That's a fantastic m31!



#36 Dean J.

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Posted 28 August 2020 - 01:06 PM

Thanks. The new color cameras like the ASI2600 and the ASI6200 with their Sony 5th gen. Exmor R back illuminated sensors have convinced me to try a color camera for the first time since I bought my first camera [an SBIG ST-7] back in 1998.

 

I definitely like the simplicity of using a color camera and after this first outing I think that I will keep the ASI2600MC.  I use a high resolution encoder mount to do unguided images and I was worried that the color camera wouldn't work well with with the point mapping and plate solving program that I use to create tracking rate correction models, but there weren't any problems. 

 

I can definitely use the camera on the bright stuff while I am waiting for an ASI2600MM-Pro mono camera.



#37 sn2006gy

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Posted 28 August 2020 - 02:11 PM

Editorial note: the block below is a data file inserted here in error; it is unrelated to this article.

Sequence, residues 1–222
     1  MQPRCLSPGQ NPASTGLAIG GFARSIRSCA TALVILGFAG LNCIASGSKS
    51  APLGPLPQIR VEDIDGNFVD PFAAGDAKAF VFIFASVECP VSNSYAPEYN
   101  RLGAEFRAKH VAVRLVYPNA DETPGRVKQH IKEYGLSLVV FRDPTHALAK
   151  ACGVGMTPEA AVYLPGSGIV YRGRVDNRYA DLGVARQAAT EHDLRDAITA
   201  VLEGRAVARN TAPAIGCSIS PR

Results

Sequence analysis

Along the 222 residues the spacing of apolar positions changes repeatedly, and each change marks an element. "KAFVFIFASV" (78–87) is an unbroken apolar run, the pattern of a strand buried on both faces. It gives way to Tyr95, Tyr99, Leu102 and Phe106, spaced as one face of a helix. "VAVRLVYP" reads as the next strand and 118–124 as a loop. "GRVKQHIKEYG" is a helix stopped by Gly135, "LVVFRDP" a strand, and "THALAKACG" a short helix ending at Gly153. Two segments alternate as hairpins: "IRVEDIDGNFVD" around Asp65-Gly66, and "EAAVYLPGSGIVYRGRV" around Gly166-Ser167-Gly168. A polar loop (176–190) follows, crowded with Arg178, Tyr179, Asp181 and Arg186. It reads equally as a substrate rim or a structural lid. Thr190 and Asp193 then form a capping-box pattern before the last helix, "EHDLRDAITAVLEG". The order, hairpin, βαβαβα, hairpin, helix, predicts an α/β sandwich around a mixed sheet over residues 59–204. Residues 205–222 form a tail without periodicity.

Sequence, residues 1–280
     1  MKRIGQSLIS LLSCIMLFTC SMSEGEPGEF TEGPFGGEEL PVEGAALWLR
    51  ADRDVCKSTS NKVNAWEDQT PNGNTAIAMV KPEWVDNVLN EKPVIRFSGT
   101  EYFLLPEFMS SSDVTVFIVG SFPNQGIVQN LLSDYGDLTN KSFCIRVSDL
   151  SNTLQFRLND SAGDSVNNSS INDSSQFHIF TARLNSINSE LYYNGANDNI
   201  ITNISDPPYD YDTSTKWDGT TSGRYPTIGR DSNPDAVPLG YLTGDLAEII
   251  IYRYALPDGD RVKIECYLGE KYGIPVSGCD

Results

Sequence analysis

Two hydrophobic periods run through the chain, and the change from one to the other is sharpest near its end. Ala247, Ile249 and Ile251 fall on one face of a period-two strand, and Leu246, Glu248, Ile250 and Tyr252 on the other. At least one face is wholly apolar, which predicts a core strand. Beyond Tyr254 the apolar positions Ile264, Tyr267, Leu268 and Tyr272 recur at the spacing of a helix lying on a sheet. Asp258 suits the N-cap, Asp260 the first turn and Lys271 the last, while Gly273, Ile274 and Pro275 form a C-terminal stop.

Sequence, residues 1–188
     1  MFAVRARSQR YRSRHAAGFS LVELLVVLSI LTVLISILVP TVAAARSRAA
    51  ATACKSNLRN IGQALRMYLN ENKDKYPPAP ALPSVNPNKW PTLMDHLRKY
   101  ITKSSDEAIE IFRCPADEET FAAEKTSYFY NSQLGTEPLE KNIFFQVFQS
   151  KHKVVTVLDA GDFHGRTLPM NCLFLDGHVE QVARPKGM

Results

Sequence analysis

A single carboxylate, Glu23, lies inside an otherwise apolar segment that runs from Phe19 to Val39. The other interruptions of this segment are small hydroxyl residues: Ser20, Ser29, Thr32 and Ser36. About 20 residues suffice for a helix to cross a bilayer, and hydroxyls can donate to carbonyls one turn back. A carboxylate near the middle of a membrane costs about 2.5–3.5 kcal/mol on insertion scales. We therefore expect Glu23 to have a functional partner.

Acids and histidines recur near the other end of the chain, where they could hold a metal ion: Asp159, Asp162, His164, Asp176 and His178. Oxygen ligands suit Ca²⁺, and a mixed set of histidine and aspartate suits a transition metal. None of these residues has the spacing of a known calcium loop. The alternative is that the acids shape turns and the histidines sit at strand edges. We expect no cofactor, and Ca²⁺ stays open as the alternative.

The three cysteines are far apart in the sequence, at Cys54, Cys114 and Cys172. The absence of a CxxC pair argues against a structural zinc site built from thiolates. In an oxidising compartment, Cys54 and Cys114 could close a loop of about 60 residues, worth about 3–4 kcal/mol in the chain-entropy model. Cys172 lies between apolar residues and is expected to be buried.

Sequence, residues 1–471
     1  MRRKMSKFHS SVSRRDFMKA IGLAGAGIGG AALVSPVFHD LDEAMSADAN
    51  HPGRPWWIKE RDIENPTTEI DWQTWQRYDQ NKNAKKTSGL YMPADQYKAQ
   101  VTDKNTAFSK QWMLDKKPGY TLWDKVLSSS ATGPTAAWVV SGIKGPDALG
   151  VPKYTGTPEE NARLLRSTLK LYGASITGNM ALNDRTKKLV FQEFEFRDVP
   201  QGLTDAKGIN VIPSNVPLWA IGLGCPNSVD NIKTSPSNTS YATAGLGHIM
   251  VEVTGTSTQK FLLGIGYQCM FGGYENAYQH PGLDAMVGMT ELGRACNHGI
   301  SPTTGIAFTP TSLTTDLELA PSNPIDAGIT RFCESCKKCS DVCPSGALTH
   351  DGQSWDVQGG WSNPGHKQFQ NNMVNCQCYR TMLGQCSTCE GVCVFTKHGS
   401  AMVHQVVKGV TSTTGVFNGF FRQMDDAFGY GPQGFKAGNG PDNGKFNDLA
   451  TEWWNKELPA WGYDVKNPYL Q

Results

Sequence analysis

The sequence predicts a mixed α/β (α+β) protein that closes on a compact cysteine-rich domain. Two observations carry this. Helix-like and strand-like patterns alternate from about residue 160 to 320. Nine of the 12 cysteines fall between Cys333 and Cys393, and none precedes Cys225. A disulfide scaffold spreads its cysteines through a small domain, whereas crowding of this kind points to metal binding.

I can definitely use the camera on the bright stuff while I am waiting for an ASI2600MM-Pro mono camera.

It works on the faint stuff too...

 

This is Abbel 85... a single night of data with 2600mc & Triad ultra shot at 80% moon in a bortle 8.. Plan to double this.  You can see the blue and red and if you zoom in some of the feint wisps of the novae bubble. The problem i have is a reducer/ff that isn't working for full aps-c so i have that replacement coming in next week.

 

supernovae 4
 
The secret sauce is to dither and bayer-drizzle. Greatly diminishes any penalty of bayer matrix and with the triad i samble ha/hb, sii, oiii for entire duration

Edited by sn2006gy, 28 August 2020 - 02:14 PM.

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#38 sn2006gy

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Posted 28 August 2020 - 02:29 PM

Unfortunately you can't zoom in on CN's image viewer. Once i get the second night, i'll post final and share to astrobin :)



#39 Jim Waters

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Posted 28 August 2020 - 02:33 PM

 

It works on the faint stuff too...

 

This is Abbel 85... a single night of data with 2600mc & Triad ultra shot at 80% moon in a bortle 8.. Plan to double this.  You can see the blue and red and if you zoom in some of the feint wisps of the novae bubble. The problem i have is a reducer/ff that isn't working for full aps-c so i have that replacement coming in next week.

 

 
 
The secret sauce is to dither and bayer-drizzle. Greatly diminishes any penalty of bayer matrix and with the triad i samble ha/hb, sii, oiii for entire duration